Tuesday, 11 August 2015

The Carer

Yoli with a small Wombat

Beauty Point, Tasmania, January 4, 2015

My friend Yoli picks me up at nine, with Henry her Maltese dog. 

She is one of the people in Australia who look after orphaned animals. Many nocturnal marsupials, especially wallabys, are killed on the road, if the females have a joey (baby or youngster) in their pouch it will starve inside its dead mother's body. Yolande is a "carer", someone known to contact locally who has the skill to look after these sensitive little critters. She worked for years at the Platypus and Echidna House in Beauty Point, and now, after taking an animal care course, works for a vet in Beaconsfield.

She shows me a wallaby joey, wrapped in a flannel bag, a surrogate marsupial pouch. An awkward creature, its long dark tail and legs (with huge black nails), stick out of the bag. Somehow almost bat-like, it's all dark skin, showing little hair, stretched over long limbs.

Yoli drives me to visit a friend, another carer. Loraine's place is in the country, a curious home clad on all sides with heavy stonework to represent a (one story) castle, complete with crenellated towers in the corners and several heraldic animal figures imbedded over doors.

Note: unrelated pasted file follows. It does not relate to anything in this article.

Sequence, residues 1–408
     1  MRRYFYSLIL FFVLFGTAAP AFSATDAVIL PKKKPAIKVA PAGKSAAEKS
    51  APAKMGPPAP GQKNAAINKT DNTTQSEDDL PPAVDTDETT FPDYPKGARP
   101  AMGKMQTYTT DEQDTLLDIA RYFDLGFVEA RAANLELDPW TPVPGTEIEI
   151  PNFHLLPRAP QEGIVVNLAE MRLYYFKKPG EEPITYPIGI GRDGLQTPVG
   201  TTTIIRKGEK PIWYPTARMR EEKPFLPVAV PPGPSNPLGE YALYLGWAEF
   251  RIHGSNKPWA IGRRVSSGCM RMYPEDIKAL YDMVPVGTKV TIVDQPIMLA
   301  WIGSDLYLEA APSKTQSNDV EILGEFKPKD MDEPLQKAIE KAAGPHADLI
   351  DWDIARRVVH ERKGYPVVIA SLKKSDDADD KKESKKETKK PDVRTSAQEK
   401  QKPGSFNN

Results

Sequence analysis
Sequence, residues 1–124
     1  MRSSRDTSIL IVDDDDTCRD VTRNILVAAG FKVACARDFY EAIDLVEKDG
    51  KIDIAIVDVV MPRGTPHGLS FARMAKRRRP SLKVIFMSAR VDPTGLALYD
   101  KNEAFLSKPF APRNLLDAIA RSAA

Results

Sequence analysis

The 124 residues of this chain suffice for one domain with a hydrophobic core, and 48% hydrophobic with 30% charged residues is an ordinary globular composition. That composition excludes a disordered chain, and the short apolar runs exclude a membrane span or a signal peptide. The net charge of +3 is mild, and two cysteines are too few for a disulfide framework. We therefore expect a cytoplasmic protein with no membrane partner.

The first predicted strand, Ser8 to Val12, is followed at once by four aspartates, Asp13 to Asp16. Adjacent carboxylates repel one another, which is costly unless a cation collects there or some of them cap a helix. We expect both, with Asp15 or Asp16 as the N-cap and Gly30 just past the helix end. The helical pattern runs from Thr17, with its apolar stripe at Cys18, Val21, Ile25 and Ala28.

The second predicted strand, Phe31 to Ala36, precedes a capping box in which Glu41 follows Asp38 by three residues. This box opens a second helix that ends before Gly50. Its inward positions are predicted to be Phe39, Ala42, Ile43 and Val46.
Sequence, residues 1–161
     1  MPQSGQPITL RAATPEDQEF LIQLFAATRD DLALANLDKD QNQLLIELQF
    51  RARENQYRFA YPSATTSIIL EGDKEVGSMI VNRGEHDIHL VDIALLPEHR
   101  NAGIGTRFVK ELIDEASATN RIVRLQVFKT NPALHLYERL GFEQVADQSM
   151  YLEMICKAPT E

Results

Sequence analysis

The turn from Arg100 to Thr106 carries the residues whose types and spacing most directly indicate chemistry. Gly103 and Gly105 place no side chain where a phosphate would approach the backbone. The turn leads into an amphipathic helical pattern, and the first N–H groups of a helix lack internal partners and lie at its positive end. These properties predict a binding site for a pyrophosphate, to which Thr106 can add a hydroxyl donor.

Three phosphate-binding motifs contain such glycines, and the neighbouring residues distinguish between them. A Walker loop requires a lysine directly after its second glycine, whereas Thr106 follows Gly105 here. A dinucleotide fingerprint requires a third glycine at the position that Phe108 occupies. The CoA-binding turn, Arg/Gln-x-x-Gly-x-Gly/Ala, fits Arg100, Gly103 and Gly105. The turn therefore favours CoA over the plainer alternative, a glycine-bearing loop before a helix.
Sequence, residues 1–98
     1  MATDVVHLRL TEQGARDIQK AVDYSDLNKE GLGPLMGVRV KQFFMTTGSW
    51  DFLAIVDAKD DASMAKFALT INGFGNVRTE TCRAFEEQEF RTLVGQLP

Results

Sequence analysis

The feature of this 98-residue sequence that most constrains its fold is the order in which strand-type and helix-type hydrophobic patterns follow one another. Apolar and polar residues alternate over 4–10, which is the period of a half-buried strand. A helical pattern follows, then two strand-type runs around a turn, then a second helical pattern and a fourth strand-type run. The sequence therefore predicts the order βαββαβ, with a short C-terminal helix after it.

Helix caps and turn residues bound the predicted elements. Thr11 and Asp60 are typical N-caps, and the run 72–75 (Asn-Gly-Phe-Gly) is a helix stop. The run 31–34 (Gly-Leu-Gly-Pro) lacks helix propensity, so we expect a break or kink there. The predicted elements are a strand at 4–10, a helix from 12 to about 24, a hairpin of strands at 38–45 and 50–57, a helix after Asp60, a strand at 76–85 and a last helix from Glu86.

Lorraine is a short, business-like woman in her seventies. She is in a hurry as she has family coming over later. She takes us through to a building surrounded by pens. Inside is her "hospital" where she treats animals. Shelves contain supplies and instruments. In one corner is an old baby incubator, donated for her use by a hospital. On the wall is a framed citation awarded Lorraine from the Australian government.

" Mrs Lorraine Lillian McDonald
Medal of the Order of Australia (OAM)
Citation: For service to the conservation and care of injured and orphaned native animals in northern Tasmania.
Date Received: 26 January 2005"

She learned to care for these animals from her mother, also a carer. Animals are kept until they can be put back into the wild, or sometimes sent to a wildlife park and perhaps from there to the wild.

Lorraine looks at Yoli's joey and they discuss it's skin problems, dry appearance and closed eyes. Lorraine feeds the little thing, and applies some skin cream, but expresses concern. She feels there is infection somewhere, and is not very positive about it's chances.
We then visit some of the pens outside, one contains three young Eastern Grey Kangaroos, two females and a larger male. Beautiful animals, the little females come shyly over to us at the fence, one sucks its thumb (paw). They suddenly hop around the yard and I experience a sudden surprizing moment of intense delight in them.
In another pen a large wombat waddles quickly over to us. I reach in and give it a good scratch up and down its back, which it obviously enjoys.
Another pen has wallabys, and a smaller cage has small wombats in pouches. Loraine takes them out, and first Yoli and then I hold one of the small, chubby little marsupials.